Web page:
• ḴORRAMIS IN BYZANTIUM

    Evangelos Venetis

    Iranians who fought the ʿAbbasid caliph Moʿtaṣem be’llāh (r. 833-41) and enrolled in the Byzantine army of the iconoclast emperor Theophilos I (r. 829-42).

  • ḴORŠĀH B. QOBĀD ḤOSEYNI, NEẒĀM-AL-DIN

    Kioumars Ghereghlou

    a Hyderabad-based diplomat and historian of Iranian descent best known for his composition of a universal chronicle in Persian in the name of the Qoṭbšāhi ruler, Ebrāhim (r. 1550-80).

  • ḴORŠĀH, ROKN-AL-DIN

    Farhad Daftary

    (1230-1257), Nezāri Ismaʿili imam and the last lord of Alamut.

  • KOŠĀNIYA

    P. Lurje

    a medieval Sogdian town to the west of Samarkand. Its name is most probably related to the Yuezhi Kušān dynasty and its claimed heirs, such as the Kidarites.

  • ḴOSROW I

    Multiple Authors

    Sasanian king (r. 531-79), son of Kawād I.

  • ḴOSROW I i. LIFE AND TIMES

    Multiple Authors

    Sasanian king (r. 531-579). i. Life and Times (forthcoming).

  • ḴOSROW I ii. REFORMS

    Zeev Rubin

    a series of reforms in Sasanian taxation and military organization, probably initiated already under Kawāḏ I.

  • ḴOSROW I iii. COINAGE

    Nikolaus Schindel

    The reign of Ḵosrow I (531-79) is generally regarded as the heyday of the Sasanian empire, but his coinage marks the nadir of Sasanian coin art. The most noteworthy features are innovations in reverse typology. In the first type, the assistant figures are shown frontally, a totally new depiction; and they hold what appears to be a spear.

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  • ḴOSROW II

    James Howard-Johnston

    the last great king of the Sasanian dynasty (590-628 CE). The principal extant history of the period, written in Armenia in the early 650s, was appropriately entitled The History of Khosrow. He is rightly accorded a great deal of space in the Šāh-nāma of Ferdowsi.

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  • ḴOSROW KHAN GORJI QĀJĀR

    Hirotake Maeda

    (1785/86-1857), an influential eunuch (Ḵᵛāja) of the Qajar era, who lived in the period spanning the reigns Fatḥ-ʿAli Shah (r. 1797-1834) to Nāṣer-al-Din Shah (r. 1848-96).

  • ḴOSROW MALEK

    C. Edmund Bosworth

    the last sultan of the Ghaznavid dynasty, in northwestern India, essentially in the Panjab, with his capital at Lahore. Various honorifics are attributed to him in the historical sources, in the verses of poets eulogizing him, and in the legends of his coins in the collections of the British Museum and Lahore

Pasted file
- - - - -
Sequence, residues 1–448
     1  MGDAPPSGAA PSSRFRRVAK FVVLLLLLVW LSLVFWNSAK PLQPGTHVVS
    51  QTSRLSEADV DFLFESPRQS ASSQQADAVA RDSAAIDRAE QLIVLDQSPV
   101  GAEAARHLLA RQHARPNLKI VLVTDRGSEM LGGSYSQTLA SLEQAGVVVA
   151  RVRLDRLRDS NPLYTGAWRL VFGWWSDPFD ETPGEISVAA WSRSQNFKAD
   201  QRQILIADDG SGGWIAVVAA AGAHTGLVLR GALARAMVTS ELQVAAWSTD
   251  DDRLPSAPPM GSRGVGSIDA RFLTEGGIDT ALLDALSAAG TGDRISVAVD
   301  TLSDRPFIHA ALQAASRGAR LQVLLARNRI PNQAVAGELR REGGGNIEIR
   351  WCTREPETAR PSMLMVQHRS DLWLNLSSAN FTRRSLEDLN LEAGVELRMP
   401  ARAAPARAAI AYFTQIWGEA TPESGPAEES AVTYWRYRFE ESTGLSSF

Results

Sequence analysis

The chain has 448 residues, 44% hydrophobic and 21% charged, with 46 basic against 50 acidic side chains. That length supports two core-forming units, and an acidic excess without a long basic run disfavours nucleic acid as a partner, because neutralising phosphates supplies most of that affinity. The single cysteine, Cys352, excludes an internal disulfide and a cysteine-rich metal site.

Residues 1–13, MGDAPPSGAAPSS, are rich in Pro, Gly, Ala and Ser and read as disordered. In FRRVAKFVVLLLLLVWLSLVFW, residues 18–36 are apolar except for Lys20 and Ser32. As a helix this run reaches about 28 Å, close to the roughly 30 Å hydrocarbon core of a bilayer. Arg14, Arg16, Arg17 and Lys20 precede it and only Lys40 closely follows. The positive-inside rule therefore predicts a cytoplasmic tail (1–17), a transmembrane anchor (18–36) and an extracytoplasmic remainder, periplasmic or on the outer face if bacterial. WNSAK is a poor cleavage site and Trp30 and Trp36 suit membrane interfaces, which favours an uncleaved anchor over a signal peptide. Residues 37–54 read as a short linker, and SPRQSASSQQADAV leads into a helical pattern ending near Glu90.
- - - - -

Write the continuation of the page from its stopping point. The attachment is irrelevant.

• ḴOSROW MIRZĀ QĀJĀR

    George Bournoutian

    (1813-1875), the seventh son of Crown Prince ʿAbbās Mirzā, who led an official Iranian delegation to the Tsarist court in St. Petersburg.

  • ḴOSROW O ŠIRIN

    Paola Orsatti

    the second poem of Neẓāmi’s Ḵamsa, recounting the amorous relationship between the Sasanian king Ḵosrow II Parviz (r. 590-628 CE), and the beautiful princess Širin.

  • ḴOSROWŠĀH B. BAHRĀMŠĀH

    C. Edmund Bosworth

    penultimate ruler of the Ghaznavid dynasty, apparently still in Ghazna until the dynasty found its last home at Lahore in northwestern India at a date around or soon after the time of his death.

  • ḴOṬBA

    Tahera Qutbuddin

    (oration, speech, sermon), a formal public address performed in a broad range of contexts by Muslims across the globe, rooted in the extemporaneously composed discourses of pre-Islamic and early Islamic Arabia.

  • ḴOTTAL

    Clifford Edmund Bosworth

    a province of medieval Islamic times on the right bank of the upper Oxus river in modern Tajikistan. A region of lush pastures, Ḵottal was famed for horse-breeding.

  • KRÁMSKÝ, JIRÍ

    Jiri Bečka

    (1913-1991), Czech general linguist who specialized in Persian language studies. He then studied English and Persian (the latter under Professor J. Rypka) at the Charles University, Prague. 

  • Křikavová, Adéla

    Jiri Bečka

    (1938-2002), Czech scholar of Iranian and particularly Kurdish studies.